One Life to Lose, by Kris Ripper
Series: Queers of La Vista #4
Publisher: Riptide Publishing
Release Date: December 12, 2016
Rating: 5 out of 5 stars
Cameron Rheingold is the kind of guy who takes a book to a bar. He’s a loner by nature, but he has to engage with the community to keep his movie theater business afloat. When two young men stay after a Cary Grant film showing to chat, Cameron thinks he might have made some new friends—but their interest is more than friendly.
Josh is charismatic, and every smile is a little bit seductive. Keith is sweet and kind, with a core of steel Cameron can sense even when Keith’s on his knees. Cameron is willing to be the couple’s kinky third, but that’s it. He refuses to risk complicating things with his growing devotion, even if being with Josh and Keith feels more right than anything else ever has.
When the three of them are attacked by the killer roaming La Vista, Cameron must decide what’s more important: pretending the assault never happened and he’s the same loner he used to be, or coming clean to Josh and Keith about how much he loves them, even if they can never return his feelings.
LGBT Youth Center
Content Warnings for:
Attempted Murder, Assault
Reading One Life to Lose was like receiving a hug; the kind that makes you feel whole, that nurtures and heals you, that strips away all barriers—the best kind. I feel a bit ridiculous declaring this book my new favourite in the series, having just said the same about the former one, but I needed that hug—just like Cam.
If you rolled all the words for love and sex and grace together into one, maybe you would have some sense of that night, of how timeless it was, and how eternal, as if it had been happening all along, as if it would continue happening until the end of the world. I had never experienced pleasure like that: liquid, hot, desperation with an edge sharp enough to cut like a knife. I had never felt so held, so contained, so taken care of.
I wouldn’t say I am much like Cam, but maybe that’s wrong. I’m not good at small talk and being in groups with a lot of people, and I have no problem with taking myself out of these kind of situations and hiding somewhere. There are parts of myself I don’t really believe in and I doubt that the perfect future is waiting for me, which all could sound like Cam and I are insecure, dysfunctional, unhappy people but we aren’t, because there is a lot more to us; something that other people recognise. They are our friends, our lovers; they love us, and we them.
I can relate very much to Cam’s character, but that’s not where it ends, because I can see my J and myself in Keith and Josh as well. They are an established couple and they share a deep bond and they complement and trust each other. I love the idea of involving another person in your relationship, include them in your love and come out stronger and more whole. This part of the story is incredibly well written, like, just. Fucking. Perfect. I get all warm and melting inside just thinking about it, and in my opinion the ending is wonderful and fits the characters and I believe they will walk into the future together from now on on.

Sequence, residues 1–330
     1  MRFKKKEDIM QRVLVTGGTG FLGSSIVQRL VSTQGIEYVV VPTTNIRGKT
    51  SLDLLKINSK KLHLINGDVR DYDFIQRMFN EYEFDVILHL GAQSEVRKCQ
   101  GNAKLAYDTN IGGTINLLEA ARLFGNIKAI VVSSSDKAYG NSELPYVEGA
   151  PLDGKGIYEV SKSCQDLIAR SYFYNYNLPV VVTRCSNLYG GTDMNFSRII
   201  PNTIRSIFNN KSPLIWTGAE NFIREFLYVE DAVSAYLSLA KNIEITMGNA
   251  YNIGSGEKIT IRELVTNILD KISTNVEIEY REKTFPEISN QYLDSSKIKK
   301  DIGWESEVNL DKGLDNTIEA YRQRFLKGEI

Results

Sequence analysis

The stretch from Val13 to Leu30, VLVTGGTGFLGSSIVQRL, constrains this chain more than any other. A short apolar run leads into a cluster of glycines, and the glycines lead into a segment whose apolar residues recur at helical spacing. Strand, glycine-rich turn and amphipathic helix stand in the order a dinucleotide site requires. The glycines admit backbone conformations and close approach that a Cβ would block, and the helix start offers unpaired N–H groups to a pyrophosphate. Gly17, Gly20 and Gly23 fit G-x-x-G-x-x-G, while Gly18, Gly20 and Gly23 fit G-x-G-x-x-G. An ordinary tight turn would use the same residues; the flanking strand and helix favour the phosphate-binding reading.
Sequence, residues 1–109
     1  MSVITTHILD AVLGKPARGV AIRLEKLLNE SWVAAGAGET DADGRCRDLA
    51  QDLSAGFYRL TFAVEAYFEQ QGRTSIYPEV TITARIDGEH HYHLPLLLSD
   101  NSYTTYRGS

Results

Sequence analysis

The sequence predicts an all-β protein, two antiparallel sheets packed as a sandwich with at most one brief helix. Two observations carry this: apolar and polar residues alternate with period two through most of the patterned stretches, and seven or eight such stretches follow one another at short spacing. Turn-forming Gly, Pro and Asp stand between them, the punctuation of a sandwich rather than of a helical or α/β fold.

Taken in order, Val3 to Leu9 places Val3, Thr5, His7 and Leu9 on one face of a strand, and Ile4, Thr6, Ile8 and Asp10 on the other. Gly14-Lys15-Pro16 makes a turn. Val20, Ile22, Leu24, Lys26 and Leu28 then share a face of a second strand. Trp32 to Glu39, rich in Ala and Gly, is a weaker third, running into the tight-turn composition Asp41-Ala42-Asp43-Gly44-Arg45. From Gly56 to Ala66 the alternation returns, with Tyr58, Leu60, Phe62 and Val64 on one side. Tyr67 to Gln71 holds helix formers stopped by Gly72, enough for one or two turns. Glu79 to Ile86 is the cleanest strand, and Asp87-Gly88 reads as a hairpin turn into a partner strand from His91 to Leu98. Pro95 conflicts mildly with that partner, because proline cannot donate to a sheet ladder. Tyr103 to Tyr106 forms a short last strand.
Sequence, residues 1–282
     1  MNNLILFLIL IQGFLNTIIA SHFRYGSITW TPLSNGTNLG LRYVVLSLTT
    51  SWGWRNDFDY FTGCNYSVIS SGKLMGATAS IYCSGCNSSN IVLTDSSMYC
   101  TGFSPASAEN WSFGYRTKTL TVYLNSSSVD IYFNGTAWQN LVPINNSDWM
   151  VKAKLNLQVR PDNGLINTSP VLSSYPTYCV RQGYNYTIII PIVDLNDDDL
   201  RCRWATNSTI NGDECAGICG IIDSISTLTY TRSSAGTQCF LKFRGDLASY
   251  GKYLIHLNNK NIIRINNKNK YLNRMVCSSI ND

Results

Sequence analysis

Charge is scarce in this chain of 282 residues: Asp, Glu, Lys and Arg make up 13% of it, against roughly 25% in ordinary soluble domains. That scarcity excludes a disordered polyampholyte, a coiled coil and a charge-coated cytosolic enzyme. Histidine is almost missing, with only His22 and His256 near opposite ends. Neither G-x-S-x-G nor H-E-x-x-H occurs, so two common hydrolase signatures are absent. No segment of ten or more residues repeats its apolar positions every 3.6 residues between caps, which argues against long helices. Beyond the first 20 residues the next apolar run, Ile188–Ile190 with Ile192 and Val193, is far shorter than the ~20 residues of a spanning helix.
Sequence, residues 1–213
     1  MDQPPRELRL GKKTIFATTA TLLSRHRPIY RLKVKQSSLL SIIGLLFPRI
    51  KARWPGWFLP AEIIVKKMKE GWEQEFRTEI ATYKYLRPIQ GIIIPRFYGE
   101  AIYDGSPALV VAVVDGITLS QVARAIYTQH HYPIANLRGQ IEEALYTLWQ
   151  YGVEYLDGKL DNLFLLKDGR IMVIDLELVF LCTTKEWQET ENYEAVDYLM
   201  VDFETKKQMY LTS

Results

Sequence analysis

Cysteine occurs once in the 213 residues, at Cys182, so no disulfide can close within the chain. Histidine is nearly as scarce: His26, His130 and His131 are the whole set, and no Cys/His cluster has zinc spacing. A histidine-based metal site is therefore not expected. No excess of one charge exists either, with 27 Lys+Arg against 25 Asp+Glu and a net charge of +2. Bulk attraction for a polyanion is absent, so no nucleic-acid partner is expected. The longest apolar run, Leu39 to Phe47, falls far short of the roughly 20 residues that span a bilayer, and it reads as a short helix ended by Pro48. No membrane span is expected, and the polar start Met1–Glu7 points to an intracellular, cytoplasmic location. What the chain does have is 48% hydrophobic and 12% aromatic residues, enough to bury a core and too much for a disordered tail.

As can be glimpsed from the blurb, the murderer of La Vista makes another appearance in this book and, geez, this is so so sooooo scary. At one point the foreboding was suddenly overwhelming:
All so perfectly mundane. That’s the genius of filmmakers like Hitchcock, of course. You start with a party, and it’s so mundane it seduces you a little. The guy sitting in silhouette in the foreground may be the hero, or he may be the villain. You aren’t always sure until the end.
Reading this still let’s my heart beat faster, but I survived and I’m glad it’s over, and I think the situation is satisfyingly resolved, too. The depiction of the guys’ survival and its aftermath seems very realistic to me and I really love the attention that is paid to it—even though it’s kinda not pretty and in parts excruciating to read.
Like… Do I want to say something on the BDSM? That’s a bit hard without taking much away, so I won’t discuss it. I can say, however, that it’s kinda brilliant. All of it. I especially like how the focus is not on the sex but on the connection between the characters, and communication is so important. Oh God, I really, really like this.
I want to add some smallish things here before I come to the end: For fans of Kris Ripper, you will be delighted to see another favourite character, which I found to be very charming. I also definitely will watch some movies with Cary Grant, starting with Notorious this weekend. (OMG, I love how Cary Grant and cinematic stuff plays such an important role in this book.) I got that book reference (*jumps up and down*), which, really makes me smile so much. And Kris educates on the use of emojis, which is just hilarious :-O
This series, this book, is so much better than I had thought before I went into it. I mean, I was a fan of Kris’s writing before but still… Contemporary romance must fulfill certain criteria to be able to speak to me. I want to recognise myself in it and I want to read something fresh and new, and this series is achieving this for me, even more than I thought possible.
Don’t miss this great series and definitely do not miss this instalment. It’s like a hug you shouldn’t resist.
Kris Ripper lives in the great state of California and hails from the San Francisco Bay Area. Kris shares a converted garage with a toddler, can do two pull-ups in a row, and can write backwards. (No, really.) Kris is genderqueer and prefers the z-based pronouns because they’re freaking sweet. Ze has been writing fiction since ze learned how to write, and boring zir stuffed animals with stories long before that.
You can purchase The Queer and the Restless from:
Amazon (Not yet available)
Barnes & Noble
I received an advanced copy of this novel in exchange for a fair and honest review.